The witchcraft of the early Christian period was essentially common sorcery or folk-magic developed over the centuries from its roots in the Ancient Period, not involving demons or devils. Anglo-Saxon magic involved spells and simple mechanical remedies, sometimes even mixed with Christian religious elements (such as saying the Lord’s Prayer while brewing a potion). Early Christian methodology, involving saints and divine relics, was just a short step from the old pagan techniques of amulets, and was designed to attract potential Christians who were comfortable with the use of magic as part of their daily lives and who expected the Christian clergy to work magic of a form superior to the old pagan way.
In the 5th Century AD, the influential Christian theologian St. Augustine of Hippo claimed that all pagan magic and religion (whether their effects were illusory or real) were invented by the Devil to lure humanity away from Christian truth. However, he also argued that neither Satan nor witches could have any real supernatural powers or could be capable of effectively invoking magic of any sort, and it was merely the “error of the pagans” to believe in “some other divine power than the one God”. Thus, if witches were indeed powerless, the Church had no need to concern itself with their spells or other attempts at mischief, or to bother itself with tracking down witches or investigating allegations of witchcraft, a view which was accepted by the early medieval Church for several centuries.
In 820, the influential Bishop of Lyon and others repudiated the belief that witches could make bad weather, fly in the night and change their shape. St. Boniface declared in the 8th Century that belief in the existence of witches was un-Christian. Charlemagne, the 8th and 9th Century king of the Franks, decreed that the burning of supposed witches was a pagan custom that should itself be punishable by death.
Nevertheless, in the 7th to 9th Centuries, the Church began to influence civil law to create anti-witchcraft laws, and the Latin word “maleficium”, which originally meant wrong-doing, soon came to mean malevolent magic, presumed to be associated with the Devil. Not only was magic now a crime against society, but a heresy and a crime against God. The Council of Leptinnes of 744 drew up a “List of Superstitions” which prohibited sacrifices to saints, and required the renunciation of the works of demons (specifically naming the old Norse gods Thor and Odin) as part of the Christian baptism ceremony.
In medieval lore, the Tempestarii were magi, specifically weather-makers, dwelling amongst the common people, who possessed the power to raise or prevent storms at will. For this reason, anyone reputed as a weather-maker was the subject of respect, fear and hatred in rural areas. Church authorities gave credence to the belief by stating that God permitted the Devil and witches to perform these acts as punishment for the wickedness of the world. However, the Church prohibited superstitious remedies against witchcraft such as storm-raising because the remedies themselves were of pagan origin, and it prescribed prayer, sacraments and the invocation of the name of God instead (although some traditional remedies like charms were also sanctioned).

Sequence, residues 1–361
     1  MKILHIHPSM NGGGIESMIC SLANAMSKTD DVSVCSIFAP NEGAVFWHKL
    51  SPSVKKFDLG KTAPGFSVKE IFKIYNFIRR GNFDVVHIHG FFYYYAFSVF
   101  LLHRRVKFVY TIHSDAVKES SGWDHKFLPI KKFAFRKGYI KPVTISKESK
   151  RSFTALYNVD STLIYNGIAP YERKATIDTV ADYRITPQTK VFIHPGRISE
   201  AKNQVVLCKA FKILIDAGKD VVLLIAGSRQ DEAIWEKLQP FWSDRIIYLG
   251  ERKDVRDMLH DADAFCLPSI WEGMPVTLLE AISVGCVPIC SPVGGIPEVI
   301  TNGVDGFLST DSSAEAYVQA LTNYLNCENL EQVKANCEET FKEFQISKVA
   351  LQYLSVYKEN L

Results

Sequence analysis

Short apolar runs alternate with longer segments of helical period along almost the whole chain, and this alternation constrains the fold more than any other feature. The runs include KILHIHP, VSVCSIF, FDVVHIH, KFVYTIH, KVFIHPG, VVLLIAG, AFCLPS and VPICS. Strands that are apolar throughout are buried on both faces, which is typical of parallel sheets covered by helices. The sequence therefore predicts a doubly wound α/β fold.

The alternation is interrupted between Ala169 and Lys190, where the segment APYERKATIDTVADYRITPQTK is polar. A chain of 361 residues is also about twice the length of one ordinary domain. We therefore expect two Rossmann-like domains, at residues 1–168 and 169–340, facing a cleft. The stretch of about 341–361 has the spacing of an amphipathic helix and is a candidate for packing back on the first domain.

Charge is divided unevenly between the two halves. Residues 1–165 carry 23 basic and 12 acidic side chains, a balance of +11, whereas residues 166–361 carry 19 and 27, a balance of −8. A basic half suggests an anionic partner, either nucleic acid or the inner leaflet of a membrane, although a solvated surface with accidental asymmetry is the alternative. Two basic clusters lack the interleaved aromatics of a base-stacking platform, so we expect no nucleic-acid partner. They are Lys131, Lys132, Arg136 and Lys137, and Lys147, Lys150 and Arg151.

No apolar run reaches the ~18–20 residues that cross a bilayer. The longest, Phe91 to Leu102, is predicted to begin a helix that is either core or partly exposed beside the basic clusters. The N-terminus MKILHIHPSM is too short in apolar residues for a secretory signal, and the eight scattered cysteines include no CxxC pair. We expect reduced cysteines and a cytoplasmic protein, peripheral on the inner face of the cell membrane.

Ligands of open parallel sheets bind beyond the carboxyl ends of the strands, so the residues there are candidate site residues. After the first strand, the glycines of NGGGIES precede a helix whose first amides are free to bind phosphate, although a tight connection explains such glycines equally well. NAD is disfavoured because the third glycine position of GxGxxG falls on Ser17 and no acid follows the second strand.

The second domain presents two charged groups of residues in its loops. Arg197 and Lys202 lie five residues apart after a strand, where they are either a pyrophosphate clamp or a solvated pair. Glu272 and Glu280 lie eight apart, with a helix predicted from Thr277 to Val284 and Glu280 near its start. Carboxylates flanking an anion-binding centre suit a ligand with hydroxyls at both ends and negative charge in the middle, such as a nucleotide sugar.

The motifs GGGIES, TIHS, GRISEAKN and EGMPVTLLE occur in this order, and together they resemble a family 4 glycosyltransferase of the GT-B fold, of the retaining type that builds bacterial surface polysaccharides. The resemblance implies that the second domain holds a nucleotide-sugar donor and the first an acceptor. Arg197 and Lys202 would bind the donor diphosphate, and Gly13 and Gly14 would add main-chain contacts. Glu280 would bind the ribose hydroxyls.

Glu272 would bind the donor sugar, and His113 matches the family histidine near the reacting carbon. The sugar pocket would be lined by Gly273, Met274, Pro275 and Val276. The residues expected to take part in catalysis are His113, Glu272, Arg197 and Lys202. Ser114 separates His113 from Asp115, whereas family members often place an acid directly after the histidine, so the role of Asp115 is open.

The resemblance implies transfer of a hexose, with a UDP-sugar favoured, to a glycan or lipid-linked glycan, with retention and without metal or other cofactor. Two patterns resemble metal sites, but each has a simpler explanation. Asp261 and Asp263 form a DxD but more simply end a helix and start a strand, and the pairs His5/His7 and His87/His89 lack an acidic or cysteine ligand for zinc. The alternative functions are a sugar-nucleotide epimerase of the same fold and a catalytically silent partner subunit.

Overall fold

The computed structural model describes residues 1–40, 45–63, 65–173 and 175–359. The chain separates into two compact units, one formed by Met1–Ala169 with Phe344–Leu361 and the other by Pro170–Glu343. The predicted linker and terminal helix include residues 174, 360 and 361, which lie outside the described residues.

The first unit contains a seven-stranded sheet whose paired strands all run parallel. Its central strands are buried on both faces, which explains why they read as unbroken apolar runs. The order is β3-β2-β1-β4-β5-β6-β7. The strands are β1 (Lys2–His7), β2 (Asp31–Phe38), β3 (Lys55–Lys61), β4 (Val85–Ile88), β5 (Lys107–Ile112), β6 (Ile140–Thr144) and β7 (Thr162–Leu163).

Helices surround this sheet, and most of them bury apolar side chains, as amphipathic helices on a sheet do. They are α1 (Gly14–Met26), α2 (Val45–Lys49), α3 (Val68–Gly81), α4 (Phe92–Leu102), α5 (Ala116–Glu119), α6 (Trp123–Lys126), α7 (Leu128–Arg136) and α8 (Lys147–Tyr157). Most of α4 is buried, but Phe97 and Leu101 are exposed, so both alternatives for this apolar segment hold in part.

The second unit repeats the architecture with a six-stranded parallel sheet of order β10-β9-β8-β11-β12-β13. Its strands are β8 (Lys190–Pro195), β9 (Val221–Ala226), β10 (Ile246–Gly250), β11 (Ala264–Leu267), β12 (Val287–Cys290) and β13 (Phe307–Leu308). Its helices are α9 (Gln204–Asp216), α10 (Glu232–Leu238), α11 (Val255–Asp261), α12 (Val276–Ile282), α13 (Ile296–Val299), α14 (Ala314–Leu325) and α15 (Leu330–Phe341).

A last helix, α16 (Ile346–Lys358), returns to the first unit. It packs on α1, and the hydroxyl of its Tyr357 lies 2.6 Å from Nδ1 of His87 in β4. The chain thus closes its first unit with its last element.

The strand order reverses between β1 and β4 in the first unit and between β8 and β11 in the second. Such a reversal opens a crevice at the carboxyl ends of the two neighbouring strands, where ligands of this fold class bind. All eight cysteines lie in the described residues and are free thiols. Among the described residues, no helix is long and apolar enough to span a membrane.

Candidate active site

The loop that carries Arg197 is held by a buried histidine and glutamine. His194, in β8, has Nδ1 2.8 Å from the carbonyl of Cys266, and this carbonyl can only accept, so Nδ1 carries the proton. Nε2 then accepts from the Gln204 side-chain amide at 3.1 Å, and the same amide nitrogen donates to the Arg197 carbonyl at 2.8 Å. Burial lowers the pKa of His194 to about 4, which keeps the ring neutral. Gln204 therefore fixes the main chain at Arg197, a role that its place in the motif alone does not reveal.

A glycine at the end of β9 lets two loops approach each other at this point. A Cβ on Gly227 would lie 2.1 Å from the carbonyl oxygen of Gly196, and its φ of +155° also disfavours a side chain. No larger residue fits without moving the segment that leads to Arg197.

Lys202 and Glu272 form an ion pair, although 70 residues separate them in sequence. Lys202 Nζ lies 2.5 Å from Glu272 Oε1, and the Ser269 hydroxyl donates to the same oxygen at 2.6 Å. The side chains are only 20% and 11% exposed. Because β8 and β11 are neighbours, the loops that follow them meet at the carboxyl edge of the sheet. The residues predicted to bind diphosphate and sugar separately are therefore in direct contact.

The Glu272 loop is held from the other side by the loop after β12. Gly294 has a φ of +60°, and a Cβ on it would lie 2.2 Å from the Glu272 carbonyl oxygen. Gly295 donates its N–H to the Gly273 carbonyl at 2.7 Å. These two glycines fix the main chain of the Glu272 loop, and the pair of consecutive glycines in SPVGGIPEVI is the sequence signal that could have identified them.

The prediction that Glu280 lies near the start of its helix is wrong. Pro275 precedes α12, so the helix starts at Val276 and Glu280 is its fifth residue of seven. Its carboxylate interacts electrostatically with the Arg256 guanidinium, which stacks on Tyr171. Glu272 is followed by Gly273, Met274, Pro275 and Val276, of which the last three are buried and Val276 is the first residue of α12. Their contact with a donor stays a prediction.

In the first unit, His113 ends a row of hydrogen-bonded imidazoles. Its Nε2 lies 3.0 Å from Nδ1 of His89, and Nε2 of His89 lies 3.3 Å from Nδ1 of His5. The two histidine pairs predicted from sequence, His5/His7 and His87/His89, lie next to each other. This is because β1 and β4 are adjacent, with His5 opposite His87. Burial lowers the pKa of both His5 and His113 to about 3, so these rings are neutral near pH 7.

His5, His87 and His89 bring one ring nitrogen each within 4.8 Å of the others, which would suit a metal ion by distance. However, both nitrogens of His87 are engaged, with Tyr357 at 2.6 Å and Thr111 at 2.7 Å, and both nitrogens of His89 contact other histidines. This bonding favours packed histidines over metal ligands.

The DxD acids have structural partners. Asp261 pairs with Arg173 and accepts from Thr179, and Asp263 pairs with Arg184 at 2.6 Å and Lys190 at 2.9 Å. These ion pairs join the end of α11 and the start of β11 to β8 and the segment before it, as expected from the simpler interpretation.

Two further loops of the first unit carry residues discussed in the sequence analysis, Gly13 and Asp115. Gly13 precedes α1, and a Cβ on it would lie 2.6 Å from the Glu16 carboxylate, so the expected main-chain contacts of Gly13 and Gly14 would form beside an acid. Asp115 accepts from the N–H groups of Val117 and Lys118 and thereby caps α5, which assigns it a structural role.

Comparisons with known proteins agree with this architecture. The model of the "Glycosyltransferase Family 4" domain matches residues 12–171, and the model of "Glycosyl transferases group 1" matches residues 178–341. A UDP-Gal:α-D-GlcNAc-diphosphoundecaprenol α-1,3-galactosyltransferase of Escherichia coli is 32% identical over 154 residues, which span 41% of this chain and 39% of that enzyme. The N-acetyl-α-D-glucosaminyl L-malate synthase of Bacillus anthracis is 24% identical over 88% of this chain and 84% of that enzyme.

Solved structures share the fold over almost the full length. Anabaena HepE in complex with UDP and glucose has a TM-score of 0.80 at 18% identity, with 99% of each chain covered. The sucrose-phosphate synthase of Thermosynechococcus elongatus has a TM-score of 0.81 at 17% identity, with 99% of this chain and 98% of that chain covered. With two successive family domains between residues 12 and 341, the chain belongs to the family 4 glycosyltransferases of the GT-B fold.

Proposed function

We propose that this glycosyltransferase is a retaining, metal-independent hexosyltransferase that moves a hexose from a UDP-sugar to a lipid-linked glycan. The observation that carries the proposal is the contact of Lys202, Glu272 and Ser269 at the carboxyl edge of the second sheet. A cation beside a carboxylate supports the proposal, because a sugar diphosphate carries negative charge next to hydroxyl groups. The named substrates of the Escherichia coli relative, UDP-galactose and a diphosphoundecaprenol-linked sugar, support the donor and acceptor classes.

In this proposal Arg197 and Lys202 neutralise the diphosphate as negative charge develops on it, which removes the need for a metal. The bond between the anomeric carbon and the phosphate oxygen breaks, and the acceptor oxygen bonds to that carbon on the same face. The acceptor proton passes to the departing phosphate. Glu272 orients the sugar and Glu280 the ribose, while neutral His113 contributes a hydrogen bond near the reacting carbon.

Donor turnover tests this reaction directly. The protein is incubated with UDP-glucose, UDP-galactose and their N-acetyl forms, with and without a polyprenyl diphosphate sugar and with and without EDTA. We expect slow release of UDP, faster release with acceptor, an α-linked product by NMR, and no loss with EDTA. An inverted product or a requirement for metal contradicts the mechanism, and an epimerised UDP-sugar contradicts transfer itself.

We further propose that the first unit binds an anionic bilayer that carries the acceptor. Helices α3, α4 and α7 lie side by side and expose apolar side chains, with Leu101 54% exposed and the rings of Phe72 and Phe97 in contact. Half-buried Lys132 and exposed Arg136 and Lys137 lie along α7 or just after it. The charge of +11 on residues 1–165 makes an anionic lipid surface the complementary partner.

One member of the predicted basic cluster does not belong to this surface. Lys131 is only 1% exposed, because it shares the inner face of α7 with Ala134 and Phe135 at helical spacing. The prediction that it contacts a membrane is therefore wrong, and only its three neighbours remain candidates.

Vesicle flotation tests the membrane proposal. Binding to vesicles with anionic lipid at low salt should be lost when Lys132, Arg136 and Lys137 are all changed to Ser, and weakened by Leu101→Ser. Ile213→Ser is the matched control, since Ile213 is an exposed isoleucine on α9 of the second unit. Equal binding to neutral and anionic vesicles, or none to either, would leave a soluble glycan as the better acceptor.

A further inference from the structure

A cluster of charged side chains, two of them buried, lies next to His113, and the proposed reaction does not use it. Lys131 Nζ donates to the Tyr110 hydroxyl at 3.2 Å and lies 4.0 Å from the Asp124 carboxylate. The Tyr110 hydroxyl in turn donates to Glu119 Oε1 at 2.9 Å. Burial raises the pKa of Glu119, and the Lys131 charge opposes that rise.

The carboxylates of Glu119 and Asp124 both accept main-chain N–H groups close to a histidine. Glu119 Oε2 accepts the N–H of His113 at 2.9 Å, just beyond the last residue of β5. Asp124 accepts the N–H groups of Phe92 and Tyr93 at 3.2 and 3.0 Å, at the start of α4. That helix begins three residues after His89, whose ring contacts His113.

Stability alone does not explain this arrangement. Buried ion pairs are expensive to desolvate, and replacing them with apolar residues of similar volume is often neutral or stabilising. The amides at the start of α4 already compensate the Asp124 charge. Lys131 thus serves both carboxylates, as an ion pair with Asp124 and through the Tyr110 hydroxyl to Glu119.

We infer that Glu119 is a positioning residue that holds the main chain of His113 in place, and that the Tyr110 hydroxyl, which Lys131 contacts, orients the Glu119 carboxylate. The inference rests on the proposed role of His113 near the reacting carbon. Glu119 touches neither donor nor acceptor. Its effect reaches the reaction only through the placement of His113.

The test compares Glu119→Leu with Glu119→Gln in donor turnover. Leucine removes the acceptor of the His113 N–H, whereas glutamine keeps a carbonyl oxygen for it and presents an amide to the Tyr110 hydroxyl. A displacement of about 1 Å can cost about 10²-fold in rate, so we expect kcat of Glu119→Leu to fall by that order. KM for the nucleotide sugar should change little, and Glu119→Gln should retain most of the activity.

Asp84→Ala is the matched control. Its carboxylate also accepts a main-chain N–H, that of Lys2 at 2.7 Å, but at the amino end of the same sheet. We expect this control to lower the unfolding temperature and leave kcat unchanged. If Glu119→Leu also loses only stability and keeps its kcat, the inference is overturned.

Prior to the 13 or 14th Century, then, witchcraft had come to mean a collection of beliefs and practices including healing through spells, ointments and concoctions, dabbling in the supernatural, and forecasting the future through divining and clairvoyance. In England, the provision of curative magic was the job of a “witch doctor” (a term used in England long before it came to be associated with Africa), also known as a “cunning man”, “white witch” or “wiseman”. “Toad doctors” were also credited with the ability to undo evil witchcraft. Although they did not refer to themselves as witches, these cunning-folk were generally considered valuable members of the community (however, some were also hired to curse enemies).
By the 13th Century, some groups holding to other beliefs and rituals (notably Christianity, the dominant religion in medieval Europe) began to brand witchcraft as “demon-worship”. In 1208, Pope Innocent III opened an attack on a group of heretics known as the Cathars, who believed in a world in which God and Satan, both having supernatural powers, were at war. The Church attempted to discredit the Cathar beliefs by spreading stories that the heretics actually worshipped their evil deity in person, and by embroidering on their devil-worshipping rituals. Many Cathars, Albigensians and Waldensians migrated into Germany and the Savoy, fleeing the papal inquisition against their alleged heresies.
Also in the 13th Century, the leading Christian theologian St. Thomas Aquinas (much of whose work became adopted as the orthodoxy of the Church), argued that the world was full of evil and dangerous demons that try to lead people into temptation, and thus began the long Christian association between sex and witchcraft.
The Inquisition, an effort by the Catholic Church to seek out and punish heretics and force them to change their beliefs, can be said to have begun as early as about 1230. Around this time, Pope Gregory IX assigned the duty of carrying out inquisitions to trained individuals from the Dominican Order, and Inquisitors acted in the name of the Pope and with his full authority, using inquisitorial procedures. Pope Innocent IV authorized the use of torture in 1252. Eventually, the secular (non-religious) courts, as well as all Christian churches, were involved in the persecution of witches. The Inquisition as a whole can be thought of as having four main phases or manifestations: the Papal Inquisition (from the 1230s), the Spanish Inquisition (1478 – 1834), the Portuguese Inquisition (1536 – 1821) and the Roman Inquisition (1542 – 1860).